Everything About Rent in Ontario
Updated May 2023
Rent is perhaps the most important concept to understand when signing a tenancy agreement. Once you’ve signed a lease, you are legally obligated to pay rent according to the terms of the contract. That may seem simple, but there are a few aspects of rent payments that must be understood.
1. Rent Only Covers What Was Agreed Upon
Your landlord is only obligated to provide you with services that are agreed to in the contract. Ensure that if you have been told that utilities are included, it is stated on the contract prior to signing. Here are other services to keep in mind that rent may or may not cover:
- Air conditioning units or central air
It is not necessarily a loss if any of these aspects are not included in your rent; it simply means that you will be charged an extra fee for access to them. If utilities are not included, it also gives you the opportunity to control the amount you use, potentially saving you money if you conserve.
2. The Rent Price Is Set in the Contract
An agreement on price between the landlord and resident is set in the contract. Ensure that the price you’ve agreed to verbally is the same price written down. This points to the importance of taking the time to read and understand your entire contract before signing it. As stated in the previous section, rent only includes what is agreed upon, so it’s always a good idea to confirm that all these services and amenities are outlined so that changes can be made before you sign.
3. Rent Increase
By law in Ontario, your landlord can only increase the rent once every twelve months. The landlord must give you written notice of a rent increase at least 90 days before the change goes into effect. They will be required to follow rent control guidelines as set out by the Ontario Ministry of Municipal Affairs and Housing. Each year this department sets new limits based on the overall economic conditions. Any increases above this amount must be approved by the Landlord and Tenant Board (LTB). It’s also important to note that new buildings, new units in existing buildings and most basement apartments are exempt from rent control. These guidelines also don’t apply to:
- Vacant residential units
- Long-term care homes
- Community housing
- Commercial properties
4. Rent Deposits Are Common
Most, if not all, landlords or rental companies will ask for a rent deposit. This deposit can be no more than the cost of one month’s rent. This deposit may only be used as payment for your last month’s tenancy. If rent is raised at any point, the landlord may ask you to supplement the deposit to that amount.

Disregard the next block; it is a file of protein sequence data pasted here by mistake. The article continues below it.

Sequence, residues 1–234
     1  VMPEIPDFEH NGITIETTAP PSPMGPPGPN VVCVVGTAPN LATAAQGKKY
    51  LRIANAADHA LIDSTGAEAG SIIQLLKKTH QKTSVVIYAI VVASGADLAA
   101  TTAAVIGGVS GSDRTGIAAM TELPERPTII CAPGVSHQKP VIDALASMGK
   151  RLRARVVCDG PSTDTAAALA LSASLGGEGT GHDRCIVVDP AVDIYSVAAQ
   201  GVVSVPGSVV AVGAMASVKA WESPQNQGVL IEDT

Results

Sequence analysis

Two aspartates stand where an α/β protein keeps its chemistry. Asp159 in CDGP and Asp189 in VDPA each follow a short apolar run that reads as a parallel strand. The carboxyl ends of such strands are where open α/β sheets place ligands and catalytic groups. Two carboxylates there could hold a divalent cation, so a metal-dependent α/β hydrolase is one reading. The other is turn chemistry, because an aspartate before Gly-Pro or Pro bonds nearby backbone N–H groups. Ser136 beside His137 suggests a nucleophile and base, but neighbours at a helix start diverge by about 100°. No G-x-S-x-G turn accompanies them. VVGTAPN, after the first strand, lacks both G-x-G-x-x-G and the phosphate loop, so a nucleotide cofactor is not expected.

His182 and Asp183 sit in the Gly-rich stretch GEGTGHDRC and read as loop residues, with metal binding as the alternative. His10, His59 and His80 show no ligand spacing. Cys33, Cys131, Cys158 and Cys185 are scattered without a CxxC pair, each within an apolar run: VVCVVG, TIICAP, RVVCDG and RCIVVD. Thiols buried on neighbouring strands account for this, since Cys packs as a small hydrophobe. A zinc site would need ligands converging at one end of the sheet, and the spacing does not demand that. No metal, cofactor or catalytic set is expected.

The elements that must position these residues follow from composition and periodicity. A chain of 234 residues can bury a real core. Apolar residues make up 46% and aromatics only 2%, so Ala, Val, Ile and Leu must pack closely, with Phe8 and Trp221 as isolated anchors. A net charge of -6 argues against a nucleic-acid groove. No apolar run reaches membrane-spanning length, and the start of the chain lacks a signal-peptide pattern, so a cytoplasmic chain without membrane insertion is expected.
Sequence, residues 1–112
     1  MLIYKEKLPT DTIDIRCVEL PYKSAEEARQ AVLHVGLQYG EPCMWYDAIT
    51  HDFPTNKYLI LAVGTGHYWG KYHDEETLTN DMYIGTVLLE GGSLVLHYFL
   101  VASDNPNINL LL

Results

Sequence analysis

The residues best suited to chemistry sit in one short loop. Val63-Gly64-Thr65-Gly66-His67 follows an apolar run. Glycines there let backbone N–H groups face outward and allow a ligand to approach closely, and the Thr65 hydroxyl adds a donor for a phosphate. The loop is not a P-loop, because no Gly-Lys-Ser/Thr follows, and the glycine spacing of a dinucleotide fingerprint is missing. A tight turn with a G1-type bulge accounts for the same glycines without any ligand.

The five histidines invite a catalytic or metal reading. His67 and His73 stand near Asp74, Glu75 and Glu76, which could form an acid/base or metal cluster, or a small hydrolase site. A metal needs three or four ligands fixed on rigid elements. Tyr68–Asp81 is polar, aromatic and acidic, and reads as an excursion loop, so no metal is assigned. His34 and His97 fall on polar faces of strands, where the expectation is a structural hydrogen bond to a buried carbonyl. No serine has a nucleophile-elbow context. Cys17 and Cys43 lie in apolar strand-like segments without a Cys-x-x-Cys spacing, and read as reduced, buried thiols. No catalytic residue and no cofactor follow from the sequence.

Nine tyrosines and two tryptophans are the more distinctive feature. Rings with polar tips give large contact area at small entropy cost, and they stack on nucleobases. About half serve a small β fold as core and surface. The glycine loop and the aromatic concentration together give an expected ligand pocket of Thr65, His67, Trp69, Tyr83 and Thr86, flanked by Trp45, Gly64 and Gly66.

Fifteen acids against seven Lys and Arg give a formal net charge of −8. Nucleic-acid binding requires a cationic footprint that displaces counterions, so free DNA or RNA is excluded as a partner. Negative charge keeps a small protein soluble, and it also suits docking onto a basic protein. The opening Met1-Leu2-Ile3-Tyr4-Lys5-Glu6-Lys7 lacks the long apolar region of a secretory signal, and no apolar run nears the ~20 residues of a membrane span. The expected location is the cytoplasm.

5. Security Deposits Aren’t Legal Everywhere
Security deposits are legal in some regions of Canada, such as British Columbia. This is where a landlord will collect a certain amount as “collateral.” At the end of your tenancy, if your unit is in good condition, you’ll get the deposit back. However, if there is significant damage, your landlord will keep some of your deposit to pay for the repairs.
However, in Ontario, for example, security deposits are illegal. The acceptable type of lump sum deposit in this region is the rent deposit, which we discussed above.
6. Payment Method Is Also Subject to Agreement Between Tenant and Landlord
This payment method must be agreed upon by the landlord and tenant and cannot be changed unless both parties approve the change. Though a landlord can offer to accept payment via post-dated cheques or automatic payments, they cannot require residents to pay via those methods.
7. Rent Receipts Only Upon Request
Landlords are only obligated to provide a rent receipt if the resident requests one. These receipts cannot be charged for. These aspects of rent are all in agreement with the Landlord and Tenant Board’s guidelines and rules.
8. Ask About Move-In Specials
Some rentals come with move-in-specials which could include discounts on rent or one-month free options. But before signing, make sure you understand how this rent special is calculated. Some of these specials come with longer leases or with a set move-in date. So, that $1500 apartment with one month of free rent might actually be $1645 a month. The wording matters, so be sure you get some clarity on what you are really paying each month to avoid being caught off guard with higher-than-expected rent.
Renting Apartments Made Easy
Have any questions? At CLV Group and InterRent REIT, we can help you navigate the complexities of renting. With apartment listings across Ontario, Quebec, and British Columbia, we have the knowledge and expertise to ensure you understand the terms of your contract. Check out our apartment listings today to get started.